24 July 1976 |
Glasgow, Scotland, United Kingdom
|Spouse(s)||Karl Geary (m. 2003)|
You don't put milk in chamomile tea – that's disgusting behavior! That's not right.
I think I've played a lesbian about five times. The first one was with Helen Baxendale in a drama called 'The Investigator,' about the conditions lesbians had to live under in the army in Britain, which was based on a true story.
Both of my parents had a change of career. My mum was a nurse, and now she's a college lecturer.
I expected it to be overwhelming and all-encompassing, but having a kid brings you into the world in a whole different way.
All the guys on 'Breaking Bad' are really gentle and gorgeous creatures.
I still have a fear of theater. I don't know if I will manage that. I used to do it. I developed a bit of a phobia. It's not a real phobia. I can go in and watch.
I've always been an actor, a lowly actor without power, so I've never been corrupted. I've never even directed.
It does seem to produce more creative results when there are limitations. It's like in wartime with rations – people became more inventive with cooking.
I found it hard being a full-time mum and take my hat off to anyone who can do it.
I suppose I'd always been attracted to commitment-phobes because some part of me felt unlovable. It was a lot easier to fall for a guy who I knew, on some level, wouldn't fall in love with me. There was nothing to risk. The real risk would be to finally be vulnerable to love.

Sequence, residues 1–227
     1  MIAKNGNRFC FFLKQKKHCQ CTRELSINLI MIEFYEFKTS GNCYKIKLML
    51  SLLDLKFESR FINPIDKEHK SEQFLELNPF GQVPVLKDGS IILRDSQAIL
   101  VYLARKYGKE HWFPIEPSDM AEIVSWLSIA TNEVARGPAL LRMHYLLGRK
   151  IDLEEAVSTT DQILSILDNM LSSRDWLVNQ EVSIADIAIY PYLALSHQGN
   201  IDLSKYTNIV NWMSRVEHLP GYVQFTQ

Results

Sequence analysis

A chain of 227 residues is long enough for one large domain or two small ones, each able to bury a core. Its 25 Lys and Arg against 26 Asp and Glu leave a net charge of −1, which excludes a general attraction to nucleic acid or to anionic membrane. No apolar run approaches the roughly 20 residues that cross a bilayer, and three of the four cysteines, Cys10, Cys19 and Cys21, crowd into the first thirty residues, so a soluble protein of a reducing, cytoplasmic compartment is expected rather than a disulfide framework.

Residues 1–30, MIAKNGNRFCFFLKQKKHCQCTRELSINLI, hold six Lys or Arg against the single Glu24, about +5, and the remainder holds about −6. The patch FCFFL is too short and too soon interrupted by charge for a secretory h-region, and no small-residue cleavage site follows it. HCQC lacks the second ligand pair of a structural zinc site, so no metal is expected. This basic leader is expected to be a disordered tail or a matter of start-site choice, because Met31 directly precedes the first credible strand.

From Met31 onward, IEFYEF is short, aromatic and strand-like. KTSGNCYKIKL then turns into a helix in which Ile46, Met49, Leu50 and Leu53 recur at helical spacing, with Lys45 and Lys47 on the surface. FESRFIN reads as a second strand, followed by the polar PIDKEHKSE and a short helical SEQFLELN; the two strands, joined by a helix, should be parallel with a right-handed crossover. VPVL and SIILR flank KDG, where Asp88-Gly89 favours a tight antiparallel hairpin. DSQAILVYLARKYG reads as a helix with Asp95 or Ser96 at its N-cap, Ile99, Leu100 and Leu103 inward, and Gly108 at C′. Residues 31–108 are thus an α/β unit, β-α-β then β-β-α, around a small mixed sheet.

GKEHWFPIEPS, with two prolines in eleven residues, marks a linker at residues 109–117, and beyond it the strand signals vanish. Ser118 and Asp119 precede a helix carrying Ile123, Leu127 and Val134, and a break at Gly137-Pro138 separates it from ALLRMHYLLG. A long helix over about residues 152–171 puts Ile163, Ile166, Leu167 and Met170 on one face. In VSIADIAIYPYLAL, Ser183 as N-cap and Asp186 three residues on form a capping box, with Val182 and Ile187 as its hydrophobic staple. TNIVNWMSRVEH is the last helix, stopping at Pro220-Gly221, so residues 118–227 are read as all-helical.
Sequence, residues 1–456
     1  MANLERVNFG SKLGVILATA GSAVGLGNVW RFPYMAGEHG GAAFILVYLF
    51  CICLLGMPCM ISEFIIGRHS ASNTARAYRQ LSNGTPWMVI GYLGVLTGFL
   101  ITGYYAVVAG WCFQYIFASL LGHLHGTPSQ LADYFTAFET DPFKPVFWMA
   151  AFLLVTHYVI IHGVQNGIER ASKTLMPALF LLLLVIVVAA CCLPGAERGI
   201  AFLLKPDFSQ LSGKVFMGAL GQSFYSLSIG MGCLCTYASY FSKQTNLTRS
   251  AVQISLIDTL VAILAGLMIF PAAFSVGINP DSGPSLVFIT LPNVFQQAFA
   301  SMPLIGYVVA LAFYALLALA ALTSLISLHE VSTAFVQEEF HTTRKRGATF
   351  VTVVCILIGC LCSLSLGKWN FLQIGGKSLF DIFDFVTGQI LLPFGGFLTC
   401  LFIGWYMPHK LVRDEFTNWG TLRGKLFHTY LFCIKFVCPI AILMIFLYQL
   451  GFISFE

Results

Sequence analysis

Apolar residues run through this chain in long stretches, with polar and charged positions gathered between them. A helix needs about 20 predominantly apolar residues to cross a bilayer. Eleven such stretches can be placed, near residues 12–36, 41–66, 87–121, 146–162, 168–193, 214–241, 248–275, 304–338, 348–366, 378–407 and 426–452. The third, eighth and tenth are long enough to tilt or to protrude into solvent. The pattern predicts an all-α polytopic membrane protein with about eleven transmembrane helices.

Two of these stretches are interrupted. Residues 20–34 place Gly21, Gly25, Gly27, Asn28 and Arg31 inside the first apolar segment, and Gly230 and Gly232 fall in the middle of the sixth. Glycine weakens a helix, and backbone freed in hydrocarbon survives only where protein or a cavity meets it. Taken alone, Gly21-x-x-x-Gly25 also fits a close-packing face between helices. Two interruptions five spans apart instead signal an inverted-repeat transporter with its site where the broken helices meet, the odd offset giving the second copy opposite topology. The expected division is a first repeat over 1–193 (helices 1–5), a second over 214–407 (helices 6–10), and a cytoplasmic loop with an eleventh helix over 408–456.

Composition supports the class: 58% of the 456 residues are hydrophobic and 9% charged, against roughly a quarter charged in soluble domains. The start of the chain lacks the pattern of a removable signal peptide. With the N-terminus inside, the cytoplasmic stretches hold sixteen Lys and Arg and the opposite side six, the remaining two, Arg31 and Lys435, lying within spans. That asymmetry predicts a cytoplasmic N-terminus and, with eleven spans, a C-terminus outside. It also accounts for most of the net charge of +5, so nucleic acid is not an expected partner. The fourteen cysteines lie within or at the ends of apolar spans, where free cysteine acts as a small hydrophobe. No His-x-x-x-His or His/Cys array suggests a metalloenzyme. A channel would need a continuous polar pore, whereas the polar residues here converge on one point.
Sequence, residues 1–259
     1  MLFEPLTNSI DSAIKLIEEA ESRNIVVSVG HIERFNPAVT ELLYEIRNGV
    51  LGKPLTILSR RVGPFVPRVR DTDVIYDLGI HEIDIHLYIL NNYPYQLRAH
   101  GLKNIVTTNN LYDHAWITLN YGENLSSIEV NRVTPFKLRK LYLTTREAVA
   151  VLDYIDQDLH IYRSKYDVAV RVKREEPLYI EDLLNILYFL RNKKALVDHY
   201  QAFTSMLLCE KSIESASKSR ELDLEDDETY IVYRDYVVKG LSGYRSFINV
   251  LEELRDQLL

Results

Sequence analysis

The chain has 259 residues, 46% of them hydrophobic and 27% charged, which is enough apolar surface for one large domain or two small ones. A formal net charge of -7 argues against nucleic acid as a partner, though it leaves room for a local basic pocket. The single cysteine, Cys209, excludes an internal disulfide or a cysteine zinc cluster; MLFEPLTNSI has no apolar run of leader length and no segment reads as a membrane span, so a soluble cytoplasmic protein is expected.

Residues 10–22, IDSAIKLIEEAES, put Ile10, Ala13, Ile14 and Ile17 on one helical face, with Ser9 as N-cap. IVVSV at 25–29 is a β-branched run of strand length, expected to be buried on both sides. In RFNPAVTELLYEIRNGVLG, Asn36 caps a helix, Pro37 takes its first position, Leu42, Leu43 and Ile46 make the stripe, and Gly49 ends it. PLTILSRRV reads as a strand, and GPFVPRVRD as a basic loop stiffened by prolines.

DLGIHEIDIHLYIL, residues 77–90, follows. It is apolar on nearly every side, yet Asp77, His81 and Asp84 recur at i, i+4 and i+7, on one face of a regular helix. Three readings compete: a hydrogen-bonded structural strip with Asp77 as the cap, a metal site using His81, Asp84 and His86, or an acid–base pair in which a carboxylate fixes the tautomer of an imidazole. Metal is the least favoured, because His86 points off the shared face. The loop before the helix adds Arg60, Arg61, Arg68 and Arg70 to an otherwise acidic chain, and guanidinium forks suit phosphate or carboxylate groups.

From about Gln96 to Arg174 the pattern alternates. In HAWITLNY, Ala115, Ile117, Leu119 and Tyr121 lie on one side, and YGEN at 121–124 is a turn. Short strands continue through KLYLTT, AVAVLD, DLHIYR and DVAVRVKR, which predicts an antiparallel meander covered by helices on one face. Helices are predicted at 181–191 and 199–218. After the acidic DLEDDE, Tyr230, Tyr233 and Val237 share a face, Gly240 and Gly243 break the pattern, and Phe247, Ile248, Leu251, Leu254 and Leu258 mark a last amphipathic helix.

Even as a kid, I would always imagine horrible circumstances in which I would find myself in my head, and imagine how I would feel, and act it out a bit for myself, because I was a bit of a freak like that. I love doing things like that, and I get a real buzz from it afterwards.
I've been a jealous person myself. I've been distrustful, convinced that somebody's having an affair with somebody else. If you believe it in your head, everything looks like a lie. When you're looking for it, you always see it – even the change of expression in their face.
It's mad what each generation vilifies. It's not necessarily to do with logic.
When I was 18, I couldn't wait to move away. I was like: 'If I ever have to come back here, I'll kill myself.' Glasgow seemed like failure and death to me back then, but not any more.
It's a very strange experience being on set of 'Breaking Bad;' you never know what's coming next for your character. I feel like I don't even know if I'm going to live through the next scene I'm in. It's exciting to work on.
I think every mother feels that the best place for their child is with their mum, but you want things for yourself, too. So, you're either at work feeling guilty, or you are at home feeling frustrated.